True Blood

Blood, in our day and age, plays nothing more than a supporting role to teen vampires on the big screens with perfect bed hair. Well today the fake fangs are coming off, the microscopes are coming out, and we’re giving blood the red carpet treatment it deserves in this segment of Forgotten Physiology.

6952917_f260Alright, take a deep breath and let it out slowly. We’ll need to shake off all those icky vibes we get whenever we mention the word “blood.” It’s time to take a closer look at that crazy vampire juice, and by closer I mean at roughly 400x magnification. I’ll wait till you catch up. Just say when. Outstanding, let’s get to it!

Oh sure, I realize that anyone who’s learned to turn on a computer or operate a stove when their parents aren’t home has probably figured out by now that our blood is composed of red blood cells. There are a few white blood cells floating around in the mix as well, fighting off infections but that’s for another article. Today I want to focus on the true work horses of our circulatory system, the red blood cells.

What is blood exactly? No wait, that’s a boring, safe question. Perhaps a better question might be why do we have blood? I mean what’s the evolutionary advantage of having a bunch of flat, pink disks floating around in a murky straw colored, neutral pH solution at 37 degrees Celsius? It’s all about clever chemistry my friends, gas exchange to be more precise. Red blood cells, or erythrocytes, as the cool kids (scientists) call them are nothing more than transport vessels. They are not unlike tiny FedEx drivers transporting their oxygen payloads from the lungs to the cellular tissues of the body (I never liked the term tissue…just feels dirty) “How do they accomplish this?” you cunningly ask. Ha! Well played.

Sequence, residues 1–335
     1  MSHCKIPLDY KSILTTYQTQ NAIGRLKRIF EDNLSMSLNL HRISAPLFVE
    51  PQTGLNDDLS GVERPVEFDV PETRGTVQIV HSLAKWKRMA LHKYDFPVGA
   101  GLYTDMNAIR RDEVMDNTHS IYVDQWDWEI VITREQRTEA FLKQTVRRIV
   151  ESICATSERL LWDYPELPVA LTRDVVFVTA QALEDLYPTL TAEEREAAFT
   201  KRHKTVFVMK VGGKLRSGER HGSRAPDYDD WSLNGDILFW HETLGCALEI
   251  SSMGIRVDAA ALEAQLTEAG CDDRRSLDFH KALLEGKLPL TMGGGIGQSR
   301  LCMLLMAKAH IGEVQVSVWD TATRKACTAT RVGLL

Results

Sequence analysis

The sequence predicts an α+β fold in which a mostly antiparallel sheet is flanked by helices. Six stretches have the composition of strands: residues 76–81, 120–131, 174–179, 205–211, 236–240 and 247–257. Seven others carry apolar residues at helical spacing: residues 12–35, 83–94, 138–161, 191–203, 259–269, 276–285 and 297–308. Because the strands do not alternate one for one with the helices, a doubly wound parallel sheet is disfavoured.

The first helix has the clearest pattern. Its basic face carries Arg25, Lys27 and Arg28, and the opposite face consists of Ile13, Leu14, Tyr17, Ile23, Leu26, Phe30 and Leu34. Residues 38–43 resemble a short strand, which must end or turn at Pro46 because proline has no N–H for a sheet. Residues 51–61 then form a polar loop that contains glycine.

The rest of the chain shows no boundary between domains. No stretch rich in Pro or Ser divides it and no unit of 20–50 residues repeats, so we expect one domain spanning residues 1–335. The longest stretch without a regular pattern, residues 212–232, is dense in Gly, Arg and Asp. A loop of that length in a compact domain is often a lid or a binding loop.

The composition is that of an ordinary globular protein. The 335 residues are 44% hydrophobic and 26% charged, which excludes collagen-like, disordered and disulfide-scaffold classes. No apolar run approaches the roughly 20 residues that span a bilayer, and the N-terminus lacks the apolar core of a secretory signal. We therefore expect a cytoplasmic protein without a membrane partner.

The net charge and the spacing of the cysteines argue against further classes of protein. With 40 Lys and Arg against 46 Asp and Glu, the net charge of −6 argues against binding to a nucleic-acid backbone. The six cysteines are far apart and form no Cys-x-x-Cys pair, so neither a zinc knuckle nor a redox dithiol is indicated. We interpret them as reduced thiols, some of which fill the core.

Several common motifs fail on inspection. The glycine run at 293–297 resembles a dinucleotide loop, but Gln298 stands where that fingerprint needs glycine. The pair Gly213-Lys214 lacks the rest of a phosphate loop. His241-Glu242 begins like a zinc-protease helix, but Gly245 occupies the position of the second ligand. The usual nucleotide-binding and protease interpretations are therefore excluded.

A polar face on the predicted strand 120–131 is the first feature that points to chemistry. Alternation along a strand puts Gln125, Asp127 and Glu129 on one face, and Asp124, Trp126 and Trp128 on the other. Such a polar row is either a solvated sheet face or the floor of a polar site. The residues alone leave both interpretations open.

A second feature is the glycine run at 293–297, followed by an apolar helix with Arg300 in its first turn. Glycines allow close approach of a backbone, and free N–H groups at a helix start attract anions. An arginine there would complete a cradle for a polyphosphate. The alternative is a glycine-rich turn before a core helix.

Here’s How

the steamy, Fe2O3 love connection that allows iron oxides to form can explain iron rich hemoglobin's affinity for O2

the steamy, Fe2O3 love connection that allows iron oxides to form can explain iron rich hemoglobin’s affinity for O2

Inside each red cell are specialized proteins called hemoglobin and inside these are tiny iron molecules. Like all proteins they are composed of certain amino acid chains that only fold a certain way, but what makes them unique and a hit at all the parties are their ability to cling on to that sweet, sweet iron. It’s not just any ole iron, but the ionic “taster’s choice” ferrous form of iron, Fe2+. These iron molecules have a real knack for accepting molecular oxygen, or O2. If you’ll recall, metallic iron tends to rust or “oxidize” when exposed to moisture and air. Once you’ve made that connection feel free to go “Ahhhh!”